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Digital Video Production

Check out my Video projects to date, or read my video editing techniques page. I'm also putting together some book reviews for books I have purchased on video production.

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We purchased a Sony DCR-PC110. It is a vertical-format digital camcorder which records onto MiniDV tapes. I did a lot of research on Epinions and on Consumer DV Reviews and the toss up was between the Canon Elura 2 and the Sony. In the end we went with the Sony, and we are very pleased. At first it appears intimidating with the controls scattered all over the camera body. However you rarely use all of them at once. Ignore the gimmic features such as in-camera effects, digital zoom and in-camera editing and aall you need to focus on is the zoom and focus settings. The digital camera takes pictures at 1024x768 which is acceptable but lags far behind today's average cameras. Think of it as an added bonus rather than as a must-have feature. It can take 15 second clips onto the MemoryStick - very handy for a quick email to grandparents!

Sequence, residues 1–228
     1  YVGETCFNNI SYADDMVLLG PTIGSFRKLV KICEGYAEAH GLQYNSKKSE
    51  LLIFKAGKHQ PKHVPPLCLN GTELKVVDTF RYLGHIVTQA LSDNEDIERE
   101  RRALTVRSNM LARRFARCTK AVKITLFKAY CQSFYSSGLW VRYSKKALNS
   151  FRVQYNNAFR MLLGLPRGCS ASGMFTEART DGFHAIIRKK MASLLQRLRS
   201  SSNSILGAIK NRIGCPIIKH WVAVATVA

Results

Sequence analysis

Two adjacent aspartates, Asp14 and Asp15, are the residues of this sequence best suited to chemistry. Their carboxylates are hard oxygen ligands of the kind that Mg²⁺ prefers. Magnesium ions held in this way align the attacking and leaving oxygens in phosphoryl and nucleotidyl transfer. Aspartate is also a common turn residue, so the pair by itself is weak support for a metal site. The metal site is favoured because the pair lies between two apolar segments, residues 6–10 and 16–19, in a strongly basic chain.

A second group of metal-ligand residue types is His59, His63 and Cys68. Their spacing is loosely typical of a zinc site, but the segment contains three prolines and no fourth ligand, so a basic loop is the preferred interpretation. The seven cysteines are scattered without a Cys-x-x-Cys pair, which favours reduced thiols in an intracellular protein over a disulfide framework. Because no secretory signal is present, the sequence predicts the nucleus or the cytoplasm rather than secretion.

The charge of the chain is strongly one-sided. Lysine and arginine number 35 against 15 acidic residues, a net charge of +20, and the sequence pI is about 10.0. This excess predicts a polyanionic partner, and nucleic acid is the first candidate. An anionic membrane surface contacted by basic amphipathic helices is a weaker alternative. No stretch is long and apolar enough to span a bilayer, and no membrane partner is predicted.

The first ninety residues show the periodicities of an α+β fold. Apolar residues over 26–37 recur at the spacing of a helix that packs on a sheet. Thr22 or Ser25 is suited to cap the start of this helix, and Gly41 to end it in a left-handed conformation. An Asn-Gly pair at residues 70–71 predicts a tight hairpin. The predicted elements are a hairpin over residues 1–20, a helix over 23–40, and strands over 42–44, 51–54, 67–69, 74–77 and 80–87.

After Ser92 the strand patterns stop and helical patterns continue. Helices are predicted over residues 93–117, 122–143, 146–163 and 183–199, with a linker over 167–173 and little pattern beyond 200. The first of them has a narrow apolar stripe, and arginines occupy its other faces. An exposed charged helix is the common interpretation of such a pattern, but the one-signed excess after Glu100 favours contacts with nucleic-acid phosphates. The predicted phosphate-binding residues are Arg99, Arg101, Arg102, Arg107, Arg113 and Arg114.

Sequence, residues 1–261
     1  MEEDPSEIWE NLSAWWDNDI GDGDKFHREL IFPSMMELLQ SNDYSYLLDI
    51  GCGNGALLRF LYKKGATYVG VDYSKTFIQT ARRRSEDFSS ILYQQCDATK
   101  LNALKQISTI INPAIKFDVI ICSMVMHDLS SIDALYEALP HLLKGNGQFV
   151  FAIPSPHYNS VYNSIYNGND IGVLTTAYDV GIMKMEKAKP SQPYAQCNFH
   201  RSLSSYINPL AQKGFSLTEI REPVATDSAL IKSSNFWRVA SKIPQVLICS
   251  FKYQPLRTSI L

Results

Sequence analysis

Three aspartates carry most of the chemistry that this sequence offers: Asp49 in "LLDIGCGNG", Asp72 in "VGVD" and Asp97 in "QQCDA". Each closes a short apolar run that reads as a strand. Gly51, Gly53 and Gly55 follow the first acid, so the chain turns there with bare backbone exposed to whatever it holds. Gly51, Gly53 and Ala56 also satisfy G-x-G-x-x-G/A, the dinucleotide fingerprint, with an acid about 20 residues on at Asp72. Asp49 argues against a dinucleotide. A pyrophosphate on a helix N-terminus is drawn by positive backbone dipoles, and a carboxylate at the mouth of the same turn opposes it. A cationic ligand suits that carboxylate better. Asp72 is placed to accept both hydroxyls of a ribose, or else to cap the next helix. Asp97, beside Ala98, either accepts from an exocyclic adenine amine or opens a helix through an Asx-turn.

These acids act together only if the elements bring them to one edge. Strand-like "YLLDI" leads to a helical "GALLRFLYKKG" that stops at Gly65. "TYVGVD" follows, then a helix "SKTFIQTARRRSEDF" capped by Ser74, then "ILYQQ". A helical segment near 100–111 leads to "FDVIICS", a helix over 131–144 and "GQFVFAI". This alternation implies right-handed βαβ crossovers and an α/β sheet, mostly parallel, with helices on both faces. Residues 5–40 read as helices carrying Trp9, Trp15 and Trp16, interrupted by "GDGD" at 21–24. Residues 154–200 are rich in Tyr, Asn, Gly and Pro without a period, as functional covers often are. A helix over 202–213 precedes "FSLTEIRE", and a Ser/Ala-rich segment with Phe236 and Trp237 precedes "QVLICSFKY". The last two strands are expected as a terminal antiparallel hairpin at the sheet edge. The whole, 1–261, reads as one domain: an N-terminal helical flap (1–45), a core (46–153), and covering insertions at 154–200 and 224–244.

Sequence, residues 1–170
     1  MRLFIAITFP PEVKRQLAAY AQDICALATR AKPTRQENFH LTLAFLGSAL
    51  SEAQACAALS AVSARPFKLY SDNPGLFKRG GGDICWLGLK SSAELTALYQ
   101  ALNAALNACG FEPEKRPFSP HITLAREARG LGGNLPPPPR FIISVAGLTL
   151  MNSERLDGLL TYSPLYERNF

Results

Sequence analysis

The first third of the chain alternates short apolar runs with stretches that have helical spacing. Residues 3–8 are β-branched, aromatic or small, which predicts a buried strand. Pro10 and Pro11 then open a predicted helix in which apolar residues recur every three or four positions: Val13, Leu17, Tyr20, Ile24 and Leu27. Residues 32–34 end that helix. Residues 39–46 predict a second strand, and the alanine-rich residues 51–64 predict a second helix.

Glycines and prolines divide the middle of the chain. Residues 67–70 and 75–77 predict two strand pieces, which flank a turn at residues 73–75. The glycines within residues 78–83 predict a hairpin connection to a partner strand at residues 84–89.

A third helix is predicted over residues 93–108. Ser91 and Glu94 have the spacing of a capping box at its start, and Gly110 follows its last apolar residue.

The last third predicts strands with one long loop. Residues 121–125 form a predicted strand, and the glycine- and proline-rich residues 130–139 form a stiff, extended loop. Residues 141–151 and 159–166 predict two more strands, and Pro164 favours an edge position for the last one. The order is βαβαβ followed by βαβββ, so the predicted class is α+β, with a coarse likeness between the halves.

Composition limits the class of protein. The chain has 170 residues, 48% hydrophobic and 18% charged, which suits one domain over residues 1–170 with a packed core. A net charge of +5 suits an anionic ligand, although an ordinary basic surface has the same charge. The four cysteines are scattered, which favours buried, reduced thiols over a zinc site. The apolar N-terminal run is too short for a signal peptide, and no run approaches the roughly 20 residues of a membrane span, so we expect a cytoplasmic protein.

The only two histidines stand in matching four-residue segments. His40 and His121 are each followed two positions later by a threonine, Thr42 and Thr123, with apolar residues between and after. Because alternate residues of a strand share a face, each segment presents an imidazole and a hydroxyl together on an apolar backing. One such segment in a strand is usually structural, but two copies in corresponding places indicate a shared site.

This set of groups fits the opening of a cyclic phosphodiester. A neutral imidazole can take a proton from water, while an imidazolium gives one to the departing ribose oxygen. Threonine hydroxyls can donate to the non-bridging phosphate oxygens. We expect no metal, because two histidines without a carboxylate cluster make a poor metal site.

I use Final Cut Pro 4 from Apple to log, capture and edit my raw DV footage from the camera. Typically I will capture a few weeks worth of raw footage, sort thorugh it on the computer, and then organize it into projects. I try to keep the pace lively through the movies, even though mostly they are just glorified home videos. I edit out all of the dull parts, set up action-reaction shots, lay over cut-aways where it illustrates a point and try to minimize the classic "smash-zoom" so common on home videos. Finally I gather appropriate audio from CD, the web and my musician brother to lay out a soundtrack and then I do audio sweetening and level adjustments. Once my wife (!) has signed off on the final cut, I export to DV and burn the movies to DVD using iDVD. Then I sit back and await more gushing praise from family members who still are amazed that I can make 30 minutes of home movies more fun to sit through than some TV shows. Job done. cover


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